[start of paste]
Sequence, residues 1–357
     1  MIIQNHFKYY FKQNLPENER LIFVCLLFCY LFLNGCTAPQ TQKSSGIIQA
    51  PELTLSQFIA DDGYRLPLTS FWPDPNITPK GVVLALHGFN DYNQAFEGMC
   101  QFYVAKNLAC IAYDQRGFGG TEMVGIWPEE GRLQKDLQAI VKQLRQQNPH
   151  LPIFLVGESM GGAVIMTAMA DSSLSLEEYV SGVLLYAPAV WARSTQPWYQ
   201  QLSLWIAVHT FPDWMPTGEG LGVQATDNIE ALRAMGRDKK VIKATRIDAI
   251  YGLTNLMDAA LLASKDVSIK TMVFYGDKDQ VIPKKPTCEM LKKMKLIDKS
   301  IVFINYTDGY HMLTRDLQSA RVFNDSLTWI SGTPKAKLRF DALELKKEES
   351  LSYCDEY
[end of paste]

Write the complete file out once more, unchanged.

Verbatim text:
Sequence, residues 1–357
     1  MIIQNHFKYY FKQNLPENER LIFVCLLFCY LFLNGCTAPQ TQKSSGIIQA
    51  PELTLSQFIA DDGYRLPLTS FWPDPNITPK GVVLALHGFN DYNQAFEGMC
   101  QFYVAKNLAC IAYDQRGFGG TEMVGIWPEE GRLQKDLQAI VKQLRQQNPH
   151  LPIFLVGESM GGAVIMTAMA DSSLSLEEYV SGVLLYAPAV WARSTQPWYQ
   201  QLSLWIAVHT FPDWMPTGEG LGVQATDNIE ALRAMGRDKK VIKATRIDAI
   251  YGLTNLMDAA LLASKDVSIK TMVFYGDKDQ VIPKKPTCEM LKKMKLIDKS
   301  IVFINYTDGY HMLTRDLQSA RVFNDSLTWI SGTPKAKLRF DALELKKEES
   351  LSYCDEY